Most recently, I finished reading the Little Red Book of Sales Answers by Jeffrey Gitomer. This is a very interesting book. I know nothing about sales and have no interest in it, but still there's a ton of good stuff here. The whole book consists of 100 small questions and answers, so it could not be easier to read. And everyone should!
There are lots of themes in the book, but some of the most important ideas include:
- Communicate! Jeffrey writes newspaper columns, articles, and books. He has his own sales newsletter. He speaks at hundreds of conferences and shows a year. Essentially, if you're in sales, you know Jeffrey. Becoming a figure like this gives him recognitions, makes people trust him, and gives him every employment opportunity imaginable.
- Read! The book recommends that you read a few books each year on positive attitude, sales techniques, etc. In my mind, the subject matter is not really important. I read as much about sales and marketing as I do about programming and software development. And I couldn't care less about sales or marketing. The key here is that Good Books on any topic are worth reading. Of course, if you're dying to become a product manager, you should read some books on product management. But not only product management. Read about as many topics as you can related to your coworkers, customers, managers, etc. Know everything you should know and as much about what everyone around you should know as you can.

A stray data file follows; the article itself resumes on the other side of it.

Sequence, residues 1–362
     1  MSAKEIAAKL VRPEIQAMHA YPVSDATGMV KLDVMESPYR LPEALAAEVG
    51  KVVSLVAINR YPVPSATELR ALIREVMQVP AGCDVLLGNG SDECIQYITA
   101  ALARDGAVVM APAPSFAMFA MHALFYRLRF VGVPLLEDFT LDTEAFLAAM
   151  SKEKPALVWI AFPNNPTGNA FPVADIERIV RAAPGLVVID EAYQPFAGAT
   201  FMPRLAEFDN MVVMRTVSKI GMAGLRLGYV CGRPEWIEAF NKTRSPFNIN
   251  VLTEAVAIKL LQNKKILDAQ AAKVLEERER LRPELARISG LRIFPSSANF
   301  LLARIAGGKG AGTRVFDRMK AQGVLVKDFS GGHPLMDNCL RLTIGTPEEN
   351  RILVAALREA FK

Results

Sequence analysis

- Practice! From public speaking, to negotiating, to cold-calling, this book reminds you that nothing is easy the first time. Like most of the suggestions in the book, this is so obvious. But what do we do about it? Mostly, we avoid the problem with excuses (too busy, low priority, I'm already good enough, etc.) Stop it! Now! I will try to do the same.
- Quit your job! Well, not necessarily. If you don't love it and don't believe in it, do something else. From a sales perspective, Jeffrey argues that if you don't own the product your selling, use it all the time, and love it, you can't sell it. The same goes for pretty much any job. If you're a programmer, for example, and you hate the software you're developing, get out! Otherwise, everyone will suffer. Not just you.
The book is not perfect. For one thing, it reminds you of what kind of person gets involved in sales and how annoying they can be. For example, Jeffrey talks about cold calls and how when a customer says "No", it means "Not yet". This is the kind of attitude that forces me to tell a telemarketer four or five times: "I'm not interested in saving money on long distance/health insurance/wireless costs/energy costs!" But this is more of a general complaint against the entire profession, than an attack on the book. As long as there are sales people, there will continue to be a world of people annoyed by their perseverance.